Education Funding Equity: A Technocratic Justification vs. Jonathan Kozol’s Rationale

Fair Funding Now! #TellEWA #EdBlogNet #CitizenJournalist @idraedu

janresseger

In a memorable keynote address fifteen years ago I heard Jonathan Kozol declare, “People say that spending money on education is just throwing money at the problem. We ought to try that. It might work.”

Certainly investing in public school equity and improvement has not been the trend in recent years.  About ten years ago, New York set up a new school funding formula to send more money to poorer school districts to remedy the lawsuit in Campaign for Fiscal Equity v. New York, but when the Great Recession hit, New York’s general assembly stopped funding the plan it had created.  At about the same time the legislature of Pennsylvania created a formula for the purpose of equalizing school funding, but in came Governor Tom Corbett who cut a billion dollars out of the state’s education budget, and the new formula died.  Kansas has radically cut taxes and slashed…

View original post 968 more words

You Can’t Force Developmental Milestones: A Parent’s Perspective on the CCSS Kindergarten Foundational Reading Standards

#TellEWA: #EdBlogNet #citizenjournalist

parentingthecore

In a recent Facebook discussion about PARCC and the Common Core State Standards, I commented that the Common Core standards are developmentally inappropriate in the younger grades. Another participant in the discussion challenged that assertion, and pointed to the CCSS kindergarten literacy standards. He asked me to identify what was inappropriate in them.

Here’s an edited and expanded version of my response:

I think pointing to the Reading:Literacy Standards (Kindergarten) for an analysis of developmental inappropriateness misses the mark. My concern with the standards for the youngest grades is not with the Reading: Literacy Standards, which are about comprehension and understanding stories, but rather with the Reading: Foundational Standards (Kindergarten), which are about phonics and decoding words. The Reading: Foundational Standards require ALL kindergartners, for instance, to be reading CVC words (i.e., 3 letter short vowel words) by the end of kindergarten, unless those words end with r…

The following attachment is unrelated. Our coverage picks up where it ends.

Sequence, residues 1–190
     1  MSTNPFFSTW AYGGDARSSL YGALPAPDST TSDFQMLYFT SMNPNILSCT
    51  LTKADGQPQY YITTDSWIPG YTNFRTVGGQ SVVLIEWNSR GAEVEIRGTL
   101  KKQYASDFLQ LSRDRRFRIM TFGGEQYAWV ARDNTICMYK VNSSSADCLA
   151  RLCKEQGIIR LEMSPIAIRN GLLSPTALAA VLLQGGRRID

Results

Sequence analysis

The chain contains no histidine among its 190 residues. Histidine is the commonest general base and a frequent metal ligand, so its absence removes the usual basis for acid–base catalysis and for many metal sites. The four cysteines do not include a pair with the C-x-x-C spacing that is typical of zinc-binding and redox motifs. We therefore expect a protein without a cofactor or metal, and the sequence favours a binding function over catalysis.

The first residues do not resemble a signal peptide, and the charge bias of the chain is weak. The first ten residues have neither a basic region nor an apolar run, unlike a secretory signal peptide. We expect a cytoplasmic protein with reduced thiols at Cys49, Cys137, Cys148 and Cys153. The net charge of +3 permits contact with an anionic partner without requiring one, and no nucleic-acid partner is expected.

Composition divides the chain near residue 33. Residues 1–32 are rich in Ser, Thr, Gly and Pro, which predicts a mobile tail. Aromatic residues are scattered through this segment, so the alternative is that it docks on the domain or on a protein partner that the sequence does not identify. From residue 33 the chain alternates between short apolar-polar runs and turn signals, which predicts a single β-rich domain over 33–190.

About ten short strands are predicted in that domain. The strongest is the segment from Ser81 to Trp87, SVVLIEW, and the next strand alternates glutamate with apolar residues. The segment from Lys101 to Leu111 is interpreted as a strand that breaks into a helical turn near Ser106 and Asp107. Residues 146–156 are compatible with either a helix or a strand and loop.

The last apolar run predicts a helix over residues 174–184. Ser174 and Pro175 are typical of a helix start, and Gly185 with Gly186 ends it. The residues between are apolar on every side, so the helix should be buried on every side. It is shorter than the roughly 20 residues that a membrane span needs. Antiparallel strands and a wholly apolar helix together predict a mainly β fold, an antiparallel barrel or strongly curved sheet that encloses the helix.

View original post 1,791 more words

A Special Guest Posting from The Walking Man – Dr. Jesse Turner – “An Ode to Education”

#CitizenJournalist #EdBlogNet @idraedu

Poetic Justice

From the Walking Man  – Dr. Jesse Turner

An Ode to Education

I Love Public Education
I cried the first time my Mother left me at your door,
I would learn to love you with every morning cookie and container of milk,
I would love you more with every song we sang within your hallowed walls,
I found your love in every teacher’s smile in your halls
I loved the reverence and respect you showed our flag every morning.
When the evil darkness of assassination
took the life of President Kennedy ~ you were there,
You calmed us, and helped us understand that although things could never be the same ~ our nation would be mended,
You kept us warm during the winters from 9:00 to 3:00 ~ when there was no heat in our old cold-water flat,
You were there when they murdered our heroes Martin and Bobby, to…

View original post 496 more words

No Child Left Behind Has Not Worked. Why?

#EdBlogNet @idraedu

janresseger

Congress has begun to hold hearings to consider, yet again, a reauthorization of the federal testing law No Child Left Behind (NCLB).  NCLB is the most recent reauthorization of the 1965 Elementary and Secondary Education Act, but in 2002, when President George W. Bush signed NCLB into law, the federal government radically shifted educational philosophy.  The emphasis moved away from supporting the education of under-served groups of children through compensatory funding programs like Title I and toward a new plan: holding schools accountable for continually improving test scores for all children.  It hasn’t worked.

The National Center for Fair & Open Testing (FairTest) released data this week to document that NCLB has not lifted school achievement.  The National Assessment of Education Progress (NAEP) is conducted independently—apart from accountability-based testing of every child by states under NCLB.  The NAEP is administered across the states to random samples of children across the…

View original post 713 more words